Many people assume that wearing eyeglasses is a no-brainer! When your prescription changes or you switch to a new lens, questions start popping up! It’s common for newcomers to eyewear to ask their eye doctor a handful of questions when they are told for the first time that they need to wear prescription glasses. More questions arise when prescriptions change and someone goes from wearing only single vision lenses to multifocal glasses. By the time you get around to choosing your new frame and lenses, your optician may be dizzy from the third degree! Wearing eyeglasses should be an easy experience but many people are uninformed about what’s going on with their vision. Here are the answers to the top questions that occur for people who wear eyeglasses.
If my vision is 20/40 in one eye and 20/50 in another – why is my doctor telling me I need glasses? Isn’t this considered good vision?
“Good” vision is subject to personal interpretation and while not wearing eyeglasses won’t harm your vision, wearing prescription eyewear will help you see more clearly. No one should have to walk around with blurry vision and you may not even notice that your vision is a bit blurry. Wearing glasses won’t harm you and you may not need to wear glasses all the time – start off with wearing them when you drive.
My prescription is extremely high (-7.50/-8.25) and I understand that my lenses will likely be thick but is there anything I can do to make them look more attractive?
Opt for the thinnest lens available to you! High index lenses will reduce the thickness of the lens and make them look aesthetically pleasing. Look for a high index lens of 1.67 or 1.74 – it will reduce the bulk of the lens by up to 50 percent. Additionally, you may want to look for a thick-rimmed plastic frame that can mask the rest of the bulkiness.
I have a positive (+) prescription in one eye and a negative (-) prescription in the other – what lens can I use to make them both seem normal? Right now, one of my eyes appears bigger than the other.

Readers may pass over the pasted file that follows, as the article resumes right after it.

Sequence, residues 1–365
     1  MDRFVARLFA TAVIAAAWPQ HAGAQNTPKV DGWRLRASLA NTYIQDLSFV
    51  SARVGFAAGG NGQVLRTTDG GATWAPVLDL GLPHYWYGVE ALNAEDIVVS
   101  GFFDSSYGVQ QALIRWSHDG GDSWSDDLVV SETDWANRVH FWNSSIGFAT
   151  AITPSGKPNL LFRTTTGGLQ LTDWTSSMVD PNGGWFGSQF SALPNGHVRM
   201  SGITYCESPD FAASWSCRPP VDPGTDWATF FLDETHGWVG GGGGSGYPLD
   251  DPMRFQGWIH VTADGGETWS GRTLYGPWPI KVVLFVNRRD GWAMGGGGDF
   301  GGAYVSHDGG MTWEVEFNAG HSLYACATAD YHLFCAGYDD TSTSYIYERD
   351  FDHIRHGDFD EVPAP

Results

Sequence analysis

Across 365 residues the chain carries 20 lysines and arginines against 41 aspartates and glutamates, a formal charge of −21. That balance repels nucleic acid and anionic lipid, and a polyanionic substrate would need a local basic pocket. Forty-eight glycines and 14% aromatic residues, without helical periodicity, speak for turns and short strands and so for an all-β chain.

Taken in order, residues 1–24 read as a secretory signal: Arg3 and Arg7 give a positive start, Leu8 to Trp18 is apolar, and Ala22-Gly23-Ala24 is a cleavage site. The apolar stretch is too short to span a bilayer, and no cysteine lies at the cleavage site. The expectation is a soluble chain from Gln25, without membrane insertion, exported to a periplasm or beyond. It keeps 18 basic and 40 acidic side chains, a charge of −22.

The first thing you want to ask your eye doctor or optician is to balance out the thickness of the lens. This is achievable by purchasing aspheric or high index lenses. Due to the way each lens is produced, a positive prescription will yield a lens where the thickness lies in the middle of the lens; and a negative prescription will yield a lens where the thickness lies in the outer rims of the lens. Aspheric lenses (especially high index lenses) will help combat the inequality but you may also want to consider contact lenses as an alternative to wearing glasses.
What’s the difference between getting an anti-glare coating for my lens and opting for polarized lenses?
Anti-reflective coatings will cut out most of the glare and reflections caused by light bouncing off one surface and the off of another when you’re wearing prescription glasses or sunglasses. Polarized lenses act like a set of blinds you hang over your window: they cut out the light from an entire meridian – like the horizontal one. This minimizes the glare in a more effective way than typical anti-reflective coatings that can be used on any eyeglass lens. Unfortunately, it’s hard to find un-tinted polarized lenses because they’re usually made for sunglasses, so opt instead of the anti-glare coating which can be used on any type of lens.